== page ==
Page:Sacred Books of the East - Volume 3.djvu/19

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sixty-four hexagrams,—if indeed he himself formed so many figures; and why the multiplication of the figures was stayed at sixty-four:—of none of these points have we any knowledge from him. There is some reason to believe that there were texts to the hexagrams under the dynasties of Hsiâ and Shang, but none of them have been preserved. It may be that king Wăn and his equally famous son, the duke of Kâu, adopted much of what they found already existing, and incorporated it with their own interpretations of the figures; but they, and they alone, are accepted as the authors of the text of the Yî. King Wăn, we are told, at a time when he was imprisoned by the tyrannical sovereign with whom the dynasty of Shang or Yin ended, took in hand the ever-changing hexagrams, and appended to each a brief explanation of the meaning which the trigrams composing it suggested by their union to his mind; and in some cases the practical course in affairs to which that meaning should direct. His son did for the separate lines of each hexagram what Wăn had done for the whole figure. Confucius is said to have entered into their labours about 600 years afterwards. Several appendixes are ascribed to him, in which there is an attempt to explain the origin of the Fû-hsî figures, and many of the interpretations of Wăn and his son. The early linear figures; the notes of Wăn and the duke of Kâu; and the Confucian appendixes: these constitute the Yî.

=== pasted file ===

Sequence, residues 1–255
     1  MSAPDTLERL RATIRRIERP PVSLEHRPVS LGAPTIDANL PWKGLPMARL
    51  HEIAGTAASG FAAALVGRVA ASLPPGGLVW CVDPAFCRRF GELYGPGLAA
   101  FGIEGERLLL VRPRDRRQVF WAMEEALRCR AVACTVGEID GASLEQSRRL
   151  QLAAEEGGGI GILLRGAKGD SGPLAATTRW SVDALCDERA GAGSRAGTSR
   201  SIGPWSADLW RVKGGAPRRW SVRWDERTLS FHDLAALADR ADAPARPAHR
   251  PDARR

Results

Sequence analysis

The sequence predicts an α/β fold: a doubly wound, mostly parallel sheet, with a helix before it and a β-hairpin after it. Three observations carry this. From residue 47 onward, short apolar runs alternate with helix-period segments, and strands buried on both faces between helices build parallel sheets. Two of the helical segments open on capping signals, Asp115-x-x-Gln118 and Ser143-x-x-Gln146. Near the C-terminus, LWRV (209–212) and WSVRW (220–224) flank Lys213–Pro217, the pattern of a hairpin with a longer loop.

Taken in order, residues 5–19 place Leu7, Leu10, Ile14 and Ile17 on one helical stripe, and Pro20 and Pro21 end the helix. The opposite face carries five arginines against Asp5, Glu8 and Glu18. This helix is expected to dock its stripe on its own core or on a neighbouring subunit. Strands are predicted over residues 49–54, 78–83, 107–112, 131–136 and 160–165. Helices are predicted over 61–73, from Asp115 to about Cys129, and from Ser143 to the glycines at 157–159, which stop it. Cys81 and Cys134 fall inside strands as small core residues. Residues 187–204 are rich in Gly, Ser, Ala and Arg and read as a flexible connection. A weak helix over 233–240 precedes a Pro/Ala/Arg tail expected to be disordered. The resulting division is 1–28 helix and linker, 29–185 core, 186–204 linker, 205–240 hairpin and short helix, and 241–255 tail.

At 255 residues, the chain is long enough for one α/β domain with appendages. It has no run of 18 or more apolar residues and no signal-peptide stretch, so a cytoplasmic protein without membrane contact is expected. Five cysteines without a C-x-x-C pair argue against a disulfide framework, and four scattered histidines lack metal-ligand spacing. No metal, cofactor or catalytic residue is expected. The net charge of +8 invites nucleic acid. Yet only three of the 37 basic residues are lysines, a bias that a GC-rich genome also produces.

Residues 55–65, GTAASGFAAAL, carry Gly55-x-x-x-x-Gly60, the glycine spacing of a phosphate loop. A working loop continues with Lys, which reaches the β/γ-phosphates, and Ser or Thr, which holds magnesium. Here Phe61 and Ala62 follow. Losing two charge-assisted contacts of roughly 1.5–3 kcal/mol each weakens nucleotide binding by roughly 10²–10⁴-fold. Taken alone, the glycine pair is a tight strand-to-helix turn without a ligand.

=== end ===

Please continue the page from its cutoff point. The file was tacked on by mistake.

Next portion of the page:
The work was from the first intimately connected with the practice of divination, which, we know from the Shû, entered largely into the religion of the ancient Chinese. This goes far to account for its obscure and enigmatical character; but at the same time there occur in it, though in a fragmentary manner, so many metaphysical, physical, moral, and religious utterances, that the student of it is gradually brought under a powerful fascination. In consequence, moreover, of its use in divination, it was exempted by the superstitious tyrant of Khin from the flames to which he condemned all the other Confucian literature in B.C. 213. It has thus come down to us entire, and a translation of the whole of it will be given.